3-star Georgia WR Miles Marshall commits to Indiana

Indiana has added another receiver to its 2018 recruiting class.

Miles Marshall, a three-star Georgia prospect, announced his commitment to IU on Thursday, giving the Hoosiers the ninth member of the class and the second receiver.

The 6-foot-3, 200-pound Marshall is considered the No. 150 receiver in the nation and the No. 96 player from Georgia, according to the 247 Sports Composite rankings. Marshall chose Indiana from a long list of offers that includes Purdue, Iowa State, Ball State, Vanderbilt, Western Kentucky, Virginia, Wake Forest and others.

Marshall was on an unofficial visit to Bloomington on Thursday.

“This has been a very hard decision,” Marshall wrote in a message posted to his Twitter account, “but the best place for me to spend the next 4 years is Bloomington. I’m going to Indiana.”

Marshall made 47 catches for 773 yards and 10 touchdowns as a junior at Parkview High School last fall. He earned first team All-Region 7-7A honors, as well as a selection to the All-Gwinnett County second team.

With his verbal commitment, Marshall joins three-star Tennessee wideout Jacolby Hewitt as the second receiver in IU’s 2018 class.

The Hoosiers picked up two incoming freshman receivers in their 2017 class, signing three-star Florida standout Whop Philyor and adding three-star Mississippi prospect Tyrese Fryfogle. IU has 11 other receivers — none of whome are seniors — on its current roster.

With nine prospects committed for 2018, Indiana’s class ranks last in the Big Ten and No. 74 nationally, according to 247 Sports. Marshall’s commitment is the second for Indiana this week. Kicker Charles Campbell gave IU a verbal pledge on Sunday.

17 comments

  1. “…ranks last in the Big Ten and 74th nationally.”

    It simply has to get better than that! But I suspect it won’t unless/until we produce a winning season.

    1. This snapshot in time doesn’t reflect accurately where IU will be ranked by LOI day. Get inside the 24/7 stats and they’ll more realistically end up behind Wisky, between Iowa/ Maryland ahead of the Gophers.

    2. @Podunker

      Yes. And we immediately jumped up to the mid 50s after our next two commitments. Do you understand how these rankings work? It’s July. It’s mostly based on class size at this point. Some places have 11 or so, and others have like 22. It’s meaningless right now. In terms of offer lists and stars, this is probably the best start we’ve had the in last 10 years.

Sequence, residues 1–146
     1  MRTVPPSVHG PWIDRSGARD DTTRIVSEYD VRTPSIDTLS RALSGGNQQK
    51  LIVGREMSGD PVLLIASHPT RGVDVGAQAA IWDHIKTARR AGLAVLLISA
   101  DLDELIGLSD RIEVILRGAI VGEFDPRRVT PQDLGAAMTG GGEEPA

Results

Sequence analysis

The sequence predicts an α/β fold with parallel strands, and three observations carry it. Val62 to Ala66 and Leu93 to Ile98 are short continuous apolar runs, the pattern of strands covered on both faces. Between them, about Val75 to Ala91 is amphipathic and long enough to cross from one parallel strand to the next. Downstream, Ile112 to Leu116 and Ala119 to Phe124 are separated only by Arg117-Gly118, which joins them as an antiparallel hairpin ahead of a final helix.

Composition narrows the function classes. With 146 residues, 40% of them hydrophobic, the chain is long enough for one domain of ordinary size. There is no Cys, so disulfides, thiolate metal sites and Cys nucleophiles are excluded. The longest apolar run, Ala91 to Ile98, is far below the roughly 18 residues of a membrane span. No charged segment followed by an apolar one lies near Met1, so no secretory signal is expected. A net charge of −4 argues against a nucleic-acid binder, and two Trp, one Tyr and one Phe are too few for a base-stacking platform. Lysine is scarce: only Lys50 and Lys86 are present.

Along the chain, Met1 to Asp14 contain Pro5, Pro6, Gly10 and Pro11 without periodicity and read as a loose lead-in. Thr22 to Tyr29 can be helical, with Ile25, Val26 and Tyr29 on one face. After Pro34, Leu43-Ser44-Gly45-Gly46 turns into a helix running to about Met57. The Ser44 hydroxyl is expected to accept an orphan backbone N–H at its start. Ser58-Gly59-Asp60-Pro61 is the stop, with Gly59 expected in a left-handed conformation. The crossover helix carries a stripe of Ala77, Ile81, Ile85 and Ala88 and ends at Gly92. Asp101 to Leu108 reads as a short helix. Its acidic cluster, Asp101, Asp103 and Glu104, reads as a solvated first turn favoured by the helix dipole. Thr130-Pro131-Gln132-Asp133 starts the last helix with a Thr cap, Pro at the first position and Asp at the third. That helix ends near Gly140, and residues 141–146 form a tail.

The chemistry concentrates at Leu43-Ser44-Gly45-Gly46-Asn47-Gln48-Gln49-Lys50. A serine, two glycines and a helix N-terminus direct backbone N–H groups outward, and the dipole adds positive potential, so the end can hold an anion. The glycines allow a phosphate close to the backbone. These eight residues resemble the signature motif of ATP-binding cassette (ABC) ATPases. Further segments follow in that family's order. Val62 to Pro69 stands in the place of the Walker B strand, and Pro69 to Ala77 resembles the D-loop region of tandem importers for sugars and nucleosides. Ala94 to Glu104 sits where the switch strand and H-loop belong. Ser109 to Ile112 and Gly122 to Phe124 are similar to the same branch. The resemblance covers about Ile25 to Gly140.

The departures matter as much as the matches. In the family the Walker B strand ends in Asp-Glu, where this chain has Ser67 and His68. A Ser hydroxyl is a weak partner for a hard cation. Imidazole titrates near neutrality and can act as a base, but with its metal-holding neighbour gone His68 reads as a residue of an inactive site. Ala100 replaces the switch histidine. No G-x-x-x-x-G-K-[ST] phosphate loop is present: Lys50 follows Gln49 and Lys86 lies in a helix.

2. Not a lot of difference if any difference among the last 3 or 4 at the bottom. The flu bug on game day could make the difference between a win or loss. High 3 star and above needed. That includes 4 star. They are just not there. IU will always be challenged and struggle to play 500 ball in big ten.

  3. Well, given that Football is treated like the red-headed-step-child of IU sports by Fred Glass and IU’s administration, it certainly won’t get a lot better until the alumni and top administration decide to invest what is necessary to make it a winning program. IU Football will never generate the revenue of an OSU or MI, but the administration and boosters can invest more so that IU can “break through” in football. As I’ve stated many times before, there is no reason why IU can’t produce a winning football program.

    By the way, if you want to see how a real leader begins to change the destiny of a University, just spend some time looking at the moves and policies Purdue’s President, and Indiana’s former Governor has made up in West Lafayette in the last few years. And one of those moves has been to offer enough compensation to attract a successful up-and-coming head coach who has proven he can create a winning football program. As a result, Purdue football will return to producing winning seasons within the next three years. And for Goodness sakes, if Purdue can do it, there’s no reason why IU can’t do it.

    1. @Podunker

      We were literally two field goals away from having two straight winning seasons. Relax. I mean if that’s your ultimate goal that’s making you worship Purdue so much, then you’re freaking out over nothing.

      You come across as really uninformed and ignorant in these comments. I don’t know if you’re just under a rock or something, but Indiana is currently building its second $50+ million stadium addition and renovation within the last 10 years. Purdue has a tent in their end zone.

      We’ve also boosted up our coaching staff salaries a couple of times within the last five years. And if Allen has basically any type of success here, his salary will skyrocket upward based on incentives, and that’s if he doesn’t get an entirely new contract. I have no idea what you’re going on about to be honest.

  4. It is not just Glass and current administration. It’s tradition. Though Purdue is not always winning and more often than not losing. They have their bright spots traditionally. They have wins against the likes of ND, OSU, and a few winning seasons aided by great leadership from QB and other skill positions.

  5. IU basketball program must be #1 in big ten. It is now 2 decades past due…and hope for the best in football (maybe share with the likes of P.U., N.W., Ill., Minn., and now Rut., Mary and maybe a stretch to Iowa. Kinda depressing for fb.

  6. PO- you are right about IU alumni kicking in. Far more $$$ comes from boosters than ticket sales for just about every program. It is indeed the culture and IUFB could win eighty games in the next ten years and attendance would improve, at best, marginally. Here I go again, but NUFB won nine games in a metro area of 8 millions (or so) last year and still drew fewer fans than did IUFB.